• Otherwise, the practices remain intangible and remain hidden.
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The manifestation of culture at various levels of depth is seen in Figure 1: LAYERS OF CULTURE Within oneself, even people from the same culture, there are multiple levels of mental conditioning to contend with.

At the following levels of development, several layers of culture may be found:

  • The national level is one that is associated with the entire nation
  • On the regional level: This refers to the disparities that exist between ethnic, linguistic, and religious groups within a country. When it comes to gender disparities (male vs. female), the gender level is associated with these differences. It is associated with the disparities between grandparents and parents, as well as between parents and children at the generational level. It is associated with educational chances as well as inequalities in occupational prospects. The corporate level: This level is associated with the specific culture of a given organization. Those who are employed are covered by this provision.

Associated with the nation as a whole, at the national level Within a country, there are regional variances that are associated with ethnic, linguistic, and religious diversity. Gender disparities (female vs. male) are associated with the gender level. The generational level is associated with the disparities between grandparents and parents, parents and children, and grandparents and grandchildren; and The social class level is associated with educational chances and inequalities in occupational options.

  • It assesses the degree of inequality that occurs in a society using a power distance index. UCAI (Uncertainty Avoidance Index): This index evaluates the extent to which a society perceives itself to be threatened by uncertain or ambiguous situations. Individualism index: The index measures how individualistic a society is in comparison to other societies. Individuals are expected to look for themselves and their immediate families exclusively, which is what individualism is all about in a society where people are expected to look after themselves and their immediate families only. In contrast, collectivism is a social structure in which individuals discriminate between in-groups and out-groups, and they expect their in-groups (relatives, clans, organizations, etc.) to care after them in exchange for their complete commitment. Specifically, the index assesses the amount to which the major values are assertiveness, money, and things (success), and that the dominating values are not caring for others or for the quality of life. Womanhood (in a romantic relationship) would be on the other end of the scale.

CULTURAL DIFFERENCES ARE BEING RECONCILIATED Consciousness of one’s cultural heritage:

  • CULTURAL DIFFERENCES ARE BEING CONVERTED Awareness of one’s own culture:

BRIDGE THE GAP BETWEEN CULTURAL DIFFERENCES Cultural sensitivity:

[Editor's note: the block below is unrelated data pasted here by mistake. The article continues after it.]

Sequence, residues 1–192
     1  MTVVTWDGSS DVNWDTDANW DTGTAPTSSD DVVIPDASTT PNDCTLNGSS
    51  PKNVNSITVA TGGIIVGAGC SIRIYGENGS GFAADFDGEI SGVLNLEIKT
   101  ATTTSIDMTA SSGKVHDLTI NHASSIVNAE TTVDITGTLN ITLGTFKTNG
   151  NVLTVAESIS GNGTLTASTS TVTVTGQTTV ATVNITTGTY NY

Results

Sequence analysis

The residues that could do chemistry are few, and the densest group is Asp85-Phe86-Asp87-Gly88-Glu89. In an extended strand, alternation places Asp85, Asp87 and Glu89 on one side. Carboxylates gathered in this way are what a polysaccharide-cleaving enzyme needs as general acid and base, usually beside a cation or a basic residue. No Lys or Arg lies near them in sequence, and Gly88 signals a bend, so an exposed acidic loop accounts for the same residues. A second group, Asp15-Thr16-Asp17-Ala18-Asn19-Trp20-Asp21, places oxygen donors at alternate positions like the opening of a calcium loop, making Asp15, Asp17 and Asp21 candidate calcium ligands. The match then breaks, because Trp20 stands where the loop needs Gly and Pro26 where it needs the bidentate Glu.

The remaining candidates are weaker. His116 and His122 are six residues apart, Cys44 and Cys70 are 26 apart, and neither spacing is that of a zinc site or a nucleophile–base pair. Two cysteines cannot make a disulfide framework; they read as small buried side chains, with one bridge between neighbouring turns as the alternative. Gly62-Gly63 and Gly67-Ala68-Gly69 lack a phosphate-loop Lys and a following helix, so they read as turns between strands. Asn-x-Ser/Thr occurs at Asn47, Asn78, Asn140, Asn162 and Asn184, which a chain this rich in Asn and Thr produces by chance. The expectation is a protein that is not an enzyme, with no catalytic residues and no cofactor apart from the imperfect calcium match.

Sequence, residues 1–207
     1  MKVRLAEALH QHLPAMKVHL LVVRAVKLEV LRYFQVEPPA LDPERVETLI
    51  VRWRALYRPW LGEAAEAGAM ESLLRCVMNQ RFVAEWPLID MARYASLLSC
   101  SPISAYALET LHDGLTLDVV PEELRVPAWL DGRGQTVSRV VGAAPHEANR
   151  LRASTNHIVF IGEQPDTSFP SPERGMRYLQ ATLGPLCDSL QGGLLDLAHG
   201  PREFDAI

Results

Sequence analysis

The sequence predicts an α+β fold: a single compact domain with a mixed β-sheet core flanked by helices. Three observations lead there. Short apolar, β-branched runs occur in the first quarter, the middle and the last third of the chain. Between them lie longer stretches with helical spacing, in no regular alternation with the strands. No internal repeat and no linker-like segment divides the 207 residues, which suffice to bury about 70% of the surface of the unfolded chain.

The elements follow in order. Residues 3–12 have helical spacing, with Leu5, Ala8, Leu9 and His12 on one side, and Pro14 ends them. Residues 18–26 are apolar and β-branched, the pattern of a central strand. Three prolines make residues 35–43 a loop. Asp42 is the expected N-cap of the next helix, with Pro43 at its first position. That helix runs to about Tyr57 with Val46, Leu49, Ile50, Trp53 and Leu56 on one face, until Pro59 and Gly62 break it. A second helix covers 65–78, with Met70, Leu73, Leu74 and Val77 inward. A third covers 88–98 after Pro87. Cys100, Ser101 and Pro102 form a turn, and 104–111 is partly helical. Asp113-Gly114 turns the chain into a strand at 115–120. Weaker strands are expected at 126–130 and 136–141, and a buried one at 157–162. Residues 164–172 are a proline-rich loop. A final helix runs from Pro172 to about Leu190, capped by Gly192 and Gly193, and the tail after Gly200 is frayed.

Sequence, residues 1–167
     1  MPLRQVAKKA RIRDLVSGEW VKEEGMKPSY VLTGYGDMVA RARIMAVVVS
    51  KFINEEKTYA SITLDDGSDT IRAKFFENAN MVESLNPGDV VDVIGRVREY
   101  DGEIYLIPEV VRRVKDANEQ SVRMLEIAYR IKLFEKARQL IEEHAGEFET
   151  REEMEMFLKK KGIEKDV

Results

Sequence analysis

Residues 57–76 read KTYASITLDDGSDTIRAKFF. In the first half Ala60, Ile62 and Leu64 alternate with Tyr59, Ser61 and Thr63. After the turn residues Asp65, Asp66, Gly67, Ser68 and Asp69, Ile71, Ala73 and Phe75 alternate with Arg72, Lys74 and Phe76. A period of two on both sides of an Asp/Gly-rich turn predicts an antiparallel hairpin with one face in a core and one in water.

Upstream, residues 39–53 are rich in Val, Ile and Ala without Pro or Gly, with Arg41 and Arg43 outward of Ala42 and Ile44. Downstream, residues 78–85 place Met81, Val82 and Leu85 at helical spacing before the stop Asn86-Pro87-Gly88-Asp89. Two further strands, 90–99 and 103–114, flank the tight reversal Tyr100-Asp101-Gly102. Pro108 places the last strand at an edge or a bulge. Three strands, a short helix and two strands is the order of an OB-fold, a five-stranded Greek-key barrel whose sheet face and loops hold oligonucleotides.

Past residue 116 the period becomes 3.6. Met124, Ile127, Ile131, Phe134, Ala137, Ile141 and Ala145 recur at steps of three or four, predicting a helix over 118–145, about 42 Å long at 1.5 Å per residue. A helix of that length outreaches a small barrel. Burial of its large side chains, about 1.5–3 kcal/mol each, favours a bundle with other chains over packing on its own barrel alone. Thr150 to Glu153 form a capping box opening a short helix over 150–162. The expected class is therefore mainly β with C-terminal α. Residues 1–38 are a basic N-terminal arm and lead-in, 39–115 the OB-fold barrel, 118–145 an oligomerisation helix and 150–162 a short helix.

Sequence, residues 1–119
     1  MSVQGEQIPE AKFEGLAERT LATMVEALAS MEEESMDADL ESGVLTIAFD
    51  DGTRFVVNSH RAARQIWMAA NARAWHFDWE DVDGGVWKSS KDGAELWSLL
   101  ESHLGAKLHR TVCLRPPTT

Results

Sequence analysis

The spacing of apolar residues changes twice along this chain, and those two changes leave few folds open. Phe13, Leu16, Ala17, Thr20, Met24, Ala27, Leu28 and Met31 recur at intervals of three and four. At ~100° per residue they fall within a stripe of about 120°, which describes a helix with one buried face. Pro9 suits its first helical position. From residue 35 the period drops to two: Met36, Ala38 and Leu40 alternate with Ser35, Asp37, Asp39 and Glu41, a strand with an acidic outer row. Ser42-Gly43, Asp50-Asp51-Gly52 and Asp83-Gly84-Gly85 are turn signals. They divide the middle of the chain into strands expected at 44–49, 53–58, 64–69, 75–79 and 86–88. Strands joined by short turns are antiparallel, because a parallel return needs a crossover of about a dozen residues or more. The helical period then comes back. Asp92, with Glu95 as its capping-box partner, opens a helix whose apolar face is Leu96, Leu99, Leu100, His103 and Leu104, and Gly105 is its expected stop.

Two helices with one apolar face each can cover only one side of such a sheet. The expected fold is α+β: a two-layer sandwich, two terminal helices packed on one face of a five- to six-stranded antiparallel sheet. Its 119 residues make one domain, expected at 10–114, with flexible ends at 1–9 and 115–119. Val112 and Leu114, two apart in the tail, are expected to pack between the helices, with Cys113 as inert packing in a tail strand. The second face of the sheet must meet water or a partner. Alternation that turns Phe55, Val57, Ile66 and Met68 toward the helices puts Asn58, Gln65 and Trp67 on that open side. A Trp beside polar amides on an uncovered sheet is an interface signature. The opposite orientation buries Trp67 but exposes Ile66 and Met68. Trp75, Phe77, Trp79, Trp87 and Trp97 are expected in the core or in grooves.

• Some nations may have many characteristics in common that contribute to the formation of their cultures (the modifiers may be language, religion, geographical location, etc.). Based on the information gathered from previous cross-cultural research, nations can be classified according to their shared values and attitudes. When travelling inside a cluster, less changes are likely to be observed than when going from one cluster to another.

There are numerous characteristics that certain nations share and which contribute to the shaping of their respective cultures (the modifiers may be language, religion, geographical location, etc.). On the basis of data gathered from previous cross-cultural research, nations may be categorized based on their shared values and attitudes. When travelling inside a cluster, as opposed to when going from one cluster to another, less changes may be predicted.

  • Some countries may have many characteristics in common that assist to shape their cultures (the modifiers may be language, religion, geographical location, etc.). Based on the information gathered from previous cross-cultural research, nations may be categorized based on their shared values and attitudes. When travelling inside a cluster, less changes may be predicted than when going from one cluster to another.

Figure 2: Cultural Awareness and the Degree to Which the World Is Involved G. Hofstede is cited as a source (1997). Cultures and organizations are like software for the human brain. McGraw-Hill Education, New York. Here are a few recent publications. Firms Considering Expanding Into New Markets Face Culture Shock. However, the temptation of reconstruction contracts in locations such as Afghanistan and Iraq may tempt some corporations to take on more risk than they are prepared to take on in the United States.

  1. However, the tremendous rehabilitation of countries damaged by conflict has the potential to trip up even the most experienced among them.